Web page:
Paradoxically, the artist’s attraction to the physical qualities of craft techniques has never been one of romanticising laborious processes. Camil is more interested in the intrinsic usefulness of craft forms as cultural signifiers, with meanings rooted in both feminist and materialist histories. Massive hand dyed wall hangings, elaborate ponchos and glossy ceramic vases, suggest a theatrical staging of an interior world. These objects have been props in Camil’s live performances that experiment with the formal qualities of domestic spaces. Often presenting multiple objects within the same room, the artist is known to have rearranged objects to activate a cyclical conversation. Blurring the space between exhibition and set design, Camil leaves the spectator to conclude his or her own reading of these interactive set-ups between inanimate objects.

Camil’s practice enacts possible ‘other’ functions for the dissemination of visual art (theatre, architecture and advertising to name a few). While her reuse of billboards as a promotional form highlight the failure of the commercial system, the notion of consumer culture draws attention to the spectacle of an art form centered on objects and things. Ever disarming, the tropical colour themes (cream, tan, blue, and purple, with brighter accents of yellow, red, and peach) offset the linguistic fragments of her ceramic series (Fragmento, 2014), which are as self-aware as their audience. Camil’s work is a consistently inquisitive attempt at making and re-making objects; be it performing a ‘negation’ of a work by the American choreographer Yvonne Rainer, resituating the Russian supremacist Kazimir Malevich’s black square in three-dimensional public space or her incessant reordering of fragments. The convergence between discrepant urbanisms and aspects of modernist culture form a site for the articulation of failure as a means of reinvention.
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source: galeriaomr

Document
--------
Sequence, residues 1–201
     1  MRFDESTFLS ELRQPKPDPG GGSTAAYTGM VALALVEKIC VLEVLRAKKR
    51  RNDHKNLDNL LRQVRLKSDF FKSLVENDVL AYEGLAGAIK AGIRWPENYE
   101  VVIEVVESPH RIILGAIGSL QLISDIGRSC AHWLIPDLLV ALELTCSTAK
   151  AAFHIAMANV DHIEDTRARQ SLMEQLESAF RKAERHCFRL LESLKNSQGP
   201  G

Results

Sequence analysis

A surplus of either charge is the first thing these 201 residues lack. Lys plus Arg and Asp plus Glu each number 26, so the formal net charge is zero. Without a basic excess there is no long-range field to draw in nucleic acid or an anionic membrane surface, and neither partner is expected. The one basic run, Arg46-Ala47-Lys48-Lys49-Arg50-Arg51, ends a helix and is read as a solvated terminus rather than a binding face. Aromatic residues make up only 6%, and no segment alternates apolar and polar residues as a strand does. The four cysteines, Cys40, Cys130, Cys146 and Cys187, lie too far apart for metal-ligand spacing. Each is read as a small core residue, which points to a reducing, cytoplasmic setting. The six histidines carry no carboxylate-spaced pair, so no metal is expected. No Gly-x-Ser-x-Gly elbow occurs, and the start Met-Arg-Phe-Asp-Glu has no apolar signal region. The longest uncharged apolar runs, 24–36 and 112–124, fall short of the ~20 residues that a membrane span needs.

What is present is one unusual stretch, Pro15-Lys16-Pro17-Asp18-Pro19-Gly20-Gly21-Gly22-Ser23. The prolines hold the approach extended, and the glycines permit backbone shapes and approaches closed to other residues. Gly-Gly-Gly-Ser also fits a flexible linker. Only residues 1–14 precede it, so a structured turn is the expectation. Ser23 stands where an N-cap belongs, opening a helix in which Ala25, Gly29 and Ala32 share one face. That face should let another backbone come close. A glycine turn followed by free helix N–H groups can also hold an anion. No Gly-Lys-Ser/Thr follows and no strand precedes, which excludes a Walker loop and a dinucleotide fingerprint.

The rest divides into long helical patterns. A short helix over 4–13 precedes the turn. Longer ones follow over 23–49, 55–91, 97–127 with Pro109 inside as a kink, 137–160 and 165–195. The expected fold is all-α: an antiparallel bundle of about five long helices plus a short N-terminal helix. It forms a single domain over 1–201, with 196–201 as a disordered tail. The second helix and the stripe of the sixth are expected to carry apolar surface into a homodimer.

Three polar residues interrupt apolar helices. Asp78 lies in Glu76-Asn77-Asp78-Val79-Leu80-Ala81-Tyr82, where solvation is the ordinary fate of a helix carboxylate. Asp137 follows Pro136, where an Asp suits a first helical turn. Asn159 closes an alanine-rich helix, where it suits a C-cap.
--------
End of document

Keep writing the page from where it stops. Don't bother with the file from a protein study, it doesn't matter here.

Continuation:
Mexico City, Mexico, 1980.
Lives and works in Mexico City

Pia Camil was born in 1980 in Mexico City, where she continues to live and work. Her work has been shown in Mexico, Colombia, France and the U.S. Camil received her Bachelor’s of Fine Arts from The Rhode Island School of Design in 2003 and her Master’s of Fine Arts from The Slade School of Fine Art in 2008. In 2009, she formed El Resplandor, a performance-based band. She has received awards including the European Honors Program, Palazzo Cenci, Rome, Italy in 2001 and she was nominated for The Paul Hamlyn Award, London in 2008. Camil’s work is in the permanent collection of La Colección Jumex, la Colección Patricia Phelps de Cisneros and the Wattis Museum amongst others. Her solo exhibitions include “The little dog laughed” at Blum and Poe, Los Angeles, “Entrecortinas: abre, jala, corre” at OMR Gallery, Mexico City, “Espectacular Telón” at Sultana Gallery, Paris, and “Cuadrado Negro” at the Basque museum-center of contemporary art in Spain.

Through her work Pia Camil has shown a proclivity to failure or the decaying associated to the mexican urban landscape, aspects of modernist culture and traces of art history. Her practice has explored the urban ruin – including paintings and photographs of halted projects along Mexico’s highways (highway follies); abandoned billboards that become theatre-like curtains therefore theatricalizing failed capitalist strategies (espectaculares), or the problems and contradictions that arise when engaging with iconic art works (No A trio A or Cuadrado Negro).